Member for Cowper Pat Conaghan says statewide lockdown was “necessary” but the short notice was “especially tough” for businesses

A sign outside the Stuarts Point Tavern as the snap lockdown began.


FEDERAL Member for Cowper Pat Conaghan has described the call that plunged the Nambucca Valley into a snap lockdown along with the rest of New South Wales as “necessary” but said the short notice provided was “especially tough” on businesses.

NSW Deputy Premier John Barilaro used social media to announce at about 3pm on Saturday, August 14, that the state would go into a seven-day lockdown, starting at 5pm, which Conaghan said left business owners with little time to “get their business affairs in order and inform employees”.

“The biggest issue with this current lockdown was the lack of notice given to businesses,” Conaghan said.

“The timing wasn’t good, perhaps if they had locked down at midnight, this would have allowed more appropriate time and a bit more understanding from the regional community.”

Conaghan said “the general feeling” across the state was that “patience was wearing thin” and that he’d “received a lot of correspondence” about the lockdown from his constituents.

“People are asking ‘why did we have to have this lockdown when we’ve had no cases in over 450 days’ and to that I would like to remind people that Western NSW didn’t have any cases 10 days ago and now there are 93 active cases,” Conaghan said, in an interview with News of the Area on Monday, August 16.

“People generally understand the need for a snap lockdown to ensure that we contain these numbers across the state, and if we don’t do that, it’s only a matter of time before it will be in Cowper.

“It came as close as Forster in the neighbouring Lyne electorate, as well as above us in Lismore.”

Conaghan acknowledged it was a difficult time for everyone, particularly business owners.

“I feel for you, I know you are frustrated and I know you are angry but it needs to be done and hopefully for our community at least, this will be the last time,” he said.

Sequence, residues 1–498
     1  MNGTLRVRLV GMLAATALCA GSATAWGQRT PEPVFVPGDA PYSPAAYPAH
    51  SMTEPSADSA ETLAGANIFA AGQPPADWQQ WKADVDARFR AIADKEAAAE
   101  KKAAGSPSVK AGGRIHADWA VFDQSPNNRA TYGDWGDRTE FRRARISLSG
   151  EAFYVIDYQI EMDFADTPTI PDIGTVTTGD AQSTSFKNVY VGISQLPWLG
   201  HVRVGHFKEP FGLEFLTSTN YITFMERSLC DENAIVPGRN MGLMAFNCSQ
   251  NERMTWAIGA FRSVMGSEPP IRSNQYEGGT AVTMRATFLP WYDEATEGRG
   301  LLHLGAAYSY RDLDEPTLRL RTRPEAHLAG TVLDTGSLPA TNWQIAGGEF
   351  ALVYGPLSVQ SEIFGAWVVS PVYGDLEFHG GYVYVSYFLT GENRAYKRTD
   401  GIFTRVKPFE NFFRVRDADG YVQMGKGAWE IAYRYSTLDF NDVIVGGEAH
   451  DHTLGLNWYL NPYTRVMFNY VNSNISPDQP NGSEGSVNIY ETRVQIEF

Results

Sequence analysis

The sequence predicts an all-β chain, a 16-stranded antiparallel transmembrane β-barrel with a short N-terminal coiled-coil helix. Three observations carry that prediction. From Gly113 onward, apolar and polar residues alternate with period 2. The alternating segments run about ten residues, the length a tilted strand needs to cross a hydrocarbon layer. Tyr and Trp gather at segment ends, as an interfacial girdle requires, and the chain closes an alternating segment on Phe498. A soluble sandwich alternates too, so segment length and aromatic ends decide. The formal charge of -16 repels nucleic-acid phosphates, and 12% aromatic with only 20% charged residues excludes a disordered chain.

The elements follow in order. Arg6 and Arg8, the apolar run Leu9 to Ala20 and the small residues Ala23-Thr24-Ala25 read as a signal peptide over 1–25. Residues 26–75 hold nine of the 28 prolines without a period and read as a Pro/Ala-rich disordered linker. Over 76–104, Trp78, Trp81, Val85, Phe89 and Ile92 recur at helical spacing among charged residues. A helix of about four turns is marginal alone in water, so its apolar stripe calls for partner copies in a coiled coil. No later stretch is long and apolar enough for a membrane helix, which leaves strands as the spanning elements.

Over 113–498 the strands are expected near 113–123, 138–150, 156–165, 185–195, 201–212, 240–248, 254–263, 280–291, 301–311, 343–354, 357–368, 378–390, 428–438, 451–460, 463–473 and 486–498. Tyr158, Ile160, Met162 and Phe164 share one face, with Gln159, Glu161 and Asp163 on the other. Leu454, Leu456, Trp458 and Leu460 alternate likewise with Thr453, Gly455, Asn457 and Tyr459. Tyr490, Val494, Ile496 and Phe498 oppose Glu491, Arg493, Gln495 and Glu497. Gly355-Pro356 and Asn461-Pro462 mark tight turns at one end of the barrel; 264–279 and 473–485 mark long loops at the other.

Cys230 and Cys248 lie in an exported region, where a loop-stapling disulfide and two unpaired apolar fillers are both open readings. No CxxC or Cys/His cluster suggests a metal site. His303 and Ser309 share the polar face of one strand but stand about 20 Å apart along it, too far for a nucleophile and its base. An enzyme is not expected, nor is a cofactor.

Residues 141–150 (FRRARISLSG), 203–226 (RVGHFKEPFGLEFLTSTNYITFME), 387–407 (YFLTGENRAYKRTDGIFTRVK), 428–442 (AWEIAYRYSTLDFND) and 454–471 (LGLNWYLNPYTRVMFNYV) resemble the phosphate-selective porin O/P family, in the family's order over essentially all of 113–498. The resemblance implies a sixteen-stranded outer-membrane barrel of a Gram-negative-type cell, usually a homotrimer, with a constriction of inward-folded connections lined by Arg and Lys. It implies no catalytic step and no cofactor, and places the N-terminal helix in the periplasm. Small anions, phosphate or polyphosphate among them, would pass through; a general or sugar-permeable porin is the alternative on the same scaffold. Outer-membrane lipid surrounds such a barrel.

“I urge the community to support one another during this difficult time.

“Pick up the phone and check in on your family and friends, particularly the most vulnerable.

“Shop local and support local business, grab a takeaway from your favourite café or restaurant, consider ordering online from the stores with the ability to deliver, book services for a later date and consider paying ahead. And of course, importantly, get vaccinated.”

A spokesperson for the Deputy Premier said the statewide lockdown was announced in response to health advice that was received after midday on Saturday and that social media was used as part of a strategy to spread the information quickly.

“The priority was to make regional communities aware as quickly as possible, rather than to spend hours arranging a press conference with journalists in Sydney,” the spokesperson said.

“To give the regions as much notice as possible, regional Government MPs were briefed and encouraged to urgently share the news with their electorates and an official NSW Health media release was issued statewide.”

At the time of going to print, it was unclear if the lockdown would be extended beyond the original end date of Saturday, August 21, and the Deputy Premier declined to respond to questions about the likelihood of an extension or when it will be announced.

Member for Oxley Melinda Pavey advised businesses and individuals requiring financial support to visit the COVID-19 Assistance Finder, which is available at, or to apply for a Commonwealth GovernmentCOVID-19 Disaster Payment via

“I understand many people in the region were disappointed by the disruption to their lives,” she said.

“I can assure people the decision was not taken lightly, and is intended to prevent transmission of Covid-19 into our region and across NSW.

“I encourage people to contact Service NSW directly by calling 13 77 88 or emailing [email protected] if they have queries or concerns.”


By Brooke LEWIS

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